Tripp Babbitt: [00:12:17] And it’s much different done than the way that people are looking at the world today. So if you’re looking for something very different, look for these videos to come out. You can sign up on my Web site at Mind Your Noodles dot com. There is a place there to be able to get notified when the videos are available. We’ve got a lot of people already signed up for that. It’s just been me getting to the videos. But guess what? Got a lot more time now like everybody else. And as I said, I’m I’m still debating on what the pricing should be. I’m probably going to start lower, especially with the corona virus. I just want people to have something, executives to have something where they can take this opportunity and sharpen their ax. You know, they can learn some new things. And so I want to begin and get them down the path. Of being able to find new ways to look. If you’re an existing executive.

 

Tripp Babbitt: [00:13:20] Maybe new ideas. If you think you’ve become stagnant or where maybe even your companies become stagnant and developing new ideas for how you might go about and improve your organization. If you’re an aspiring executive, you someday may be in project management or management or a quality manager or somebody that’s kind of climbing the ladder. You got to. You’re gonna have to ultimately have method just being nice. And people like he knew is not a reason to be an executive. You have to be more than that. You got to have method also. And then for people that are new executives, whether that’s a new executive, your first time being an executive or you’re new to an organization, you’re going to need to have. You’re going to have to have training to understand that systems are different. So if you’re coming from another organization, the one you just came from, assuming that, you know, the new organization, the things that worked in your old organization or work in the organization. It’s a complete fallacy. Systems are different, completely different cultures and processes and thinking. And it’s so important to let to have a method, first of all, for learning that and their customers are going to be different, too. So. So going back to the initial training, we’re going to be looking at the thinking and the and the customer lens and thinking lens and the customer lens. And those are going to be driving the training throughout because everything else kind of follows from that. The better knowledge you have about your system that you’re working in, the more effectively you can work on it and improve it. Now, this the neuroscience component actually gave me more clarity about how to approach improvement and in an organization.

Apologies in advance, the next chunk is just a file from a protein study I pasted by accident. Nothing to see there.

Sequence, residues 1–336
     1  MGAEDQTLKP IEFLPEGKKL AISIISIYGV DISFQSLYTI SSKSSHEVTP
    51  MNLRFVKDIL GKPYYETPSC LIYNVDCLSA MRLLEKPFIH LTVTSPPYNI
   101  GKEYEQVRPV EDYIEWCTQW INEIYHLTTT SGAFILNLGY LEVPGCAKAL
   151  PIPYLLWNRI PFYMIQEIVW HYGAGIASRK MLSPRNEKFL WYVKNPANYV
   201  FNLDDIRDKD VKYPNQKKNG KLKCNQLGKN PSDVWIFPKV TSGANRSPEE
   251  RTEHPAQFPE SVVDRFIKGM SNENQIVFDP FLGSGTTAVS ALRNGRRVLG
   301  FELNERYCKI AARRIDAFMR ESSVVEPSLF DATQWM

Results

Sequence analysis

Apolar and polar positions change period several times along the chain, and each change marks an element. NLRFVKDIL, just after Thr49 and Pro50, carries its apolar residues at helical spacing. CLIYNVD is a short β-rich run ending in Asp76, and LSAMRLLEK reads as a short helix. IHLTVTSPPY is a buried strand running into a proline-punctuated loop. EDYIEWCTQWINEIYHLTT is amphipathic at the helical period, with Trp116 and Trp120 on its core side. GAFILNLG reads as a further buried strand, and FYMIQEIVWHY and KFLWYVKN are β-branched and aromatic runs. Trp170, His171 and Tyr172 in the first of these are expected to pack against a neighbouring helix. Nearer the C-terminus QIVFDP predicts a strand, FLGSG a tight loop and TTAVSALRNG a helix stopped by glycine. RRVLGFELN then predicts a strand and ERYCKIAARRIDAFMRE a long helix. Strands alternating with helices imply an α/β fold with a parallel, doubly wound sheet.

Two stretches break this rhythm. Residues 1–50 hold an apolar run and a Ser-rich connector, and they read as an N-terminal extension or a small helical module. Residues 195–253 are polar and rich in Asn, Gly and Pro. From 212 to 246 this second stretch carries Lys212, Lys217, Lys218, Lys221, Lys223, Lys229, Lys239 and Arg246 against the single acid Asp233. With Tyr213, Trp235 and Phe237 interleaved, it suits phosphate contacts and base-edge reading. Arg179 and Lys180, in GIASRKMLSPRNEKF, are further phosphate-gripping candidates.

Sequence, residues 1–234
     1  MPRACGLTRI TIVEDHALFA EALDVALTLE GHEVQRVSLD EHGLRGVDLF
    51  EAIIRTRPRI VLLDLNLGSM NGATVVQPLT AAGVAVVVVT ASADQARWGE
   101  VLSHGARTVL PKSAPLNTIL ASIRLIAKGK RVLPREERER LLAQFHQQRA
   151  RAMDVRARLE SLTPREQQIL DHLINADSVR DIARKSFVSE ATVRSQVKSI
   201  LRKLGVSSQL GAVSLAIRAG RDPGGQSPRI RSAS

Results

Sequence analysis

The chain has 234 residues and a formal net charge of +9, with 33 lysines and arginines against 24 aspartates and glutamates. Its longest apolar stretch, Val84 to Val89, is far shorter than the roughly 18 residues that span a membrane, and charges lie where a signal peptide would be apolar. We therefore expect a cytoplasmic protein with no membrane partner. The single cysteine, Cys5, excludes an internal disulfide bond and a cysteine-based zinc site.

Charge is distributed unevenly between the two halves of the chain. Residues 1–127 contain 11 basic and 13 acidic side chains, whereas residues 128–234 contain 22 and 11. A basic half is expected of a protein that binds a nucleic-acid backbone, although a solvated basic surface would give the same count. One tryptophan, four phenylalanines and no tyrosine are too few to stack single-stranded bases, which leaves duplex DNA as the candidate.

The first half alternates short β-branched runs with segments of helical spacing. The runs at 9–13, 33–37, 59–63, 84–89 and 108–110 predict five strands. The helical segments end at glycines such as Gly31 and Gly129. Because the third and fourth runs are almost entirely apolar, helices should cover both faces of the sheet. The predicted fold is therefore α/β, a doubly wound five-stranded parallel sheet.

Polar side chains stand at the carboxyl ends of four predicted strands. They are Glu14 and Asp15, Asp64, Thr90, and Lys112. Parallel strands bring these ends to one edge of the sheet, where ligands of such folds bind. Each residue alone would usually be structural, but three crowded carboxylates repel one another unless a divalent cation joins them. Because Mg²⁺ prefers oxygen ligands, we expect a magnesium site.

Tripp Babbitt: [00:15:25] So it’s not just change is actually leading you in a positive direction. So that the neuroscience piece, I think is something one, it’s new and people tend to like the new research that that’s going on because I want to be on the cutting edge.I mean, who doesn’t want to be on the cutting edge of what’s happening in management?

 

Tripp Babbitt: [00:15:52] You know, we’re learning a lot more than we have, a lot more technology being able to read the brain, how it works. But I think the neuroscience component of the training, as I filter it through it will help bring clarity on why we go about the training, the way that we do. So look for the four videos. If you haven’t signed up, go to the Woods Web site at Mind Your Noodles dot com where you can go to Mind Your Noodles dot com forward slash training or the ninety five method dot com forward slash training to get the to sign up for regular podcast episode releases and any other information I have. I haven’t done anything but the releases to this point. But as now that I’ve got the training component beginning to take shape, being updated on that will be helpful and useful if you’re interested in these types of things. So I’d stay safe. Everyone wash your hands, get out, go for a walk. Do not socially distance yourself Zoom with your family. I did that actually yesterday with with our family and stay connected with these people. And as we come out of it, to be aware that we need to get the we need to get back to social.

 

Tripp Babbitt: [00:17:22] And finding ways to do that will be a big part of what I think organizations will need to embrace and find methods to allow that social component to really become part of the fabric of the organization of which you work.

 

Tripp Babbitt: [00:17:51] Hi, this is Tripp Babbitt. I’d like to inform you that I will be releasing some of the videos of how to use the ninety five method in order to achieve a brain friendly organization within the next month and a half. There’ll be some free videos to give you a sense of what the training is about, and then also a little of the background behind the training itself. So if you’re interested and be notified of any updates as far as the training availability, then the pricing that I’ll be releasing the next month and a half or so, then sign up at Mind Your Noodles dot com forward slash training.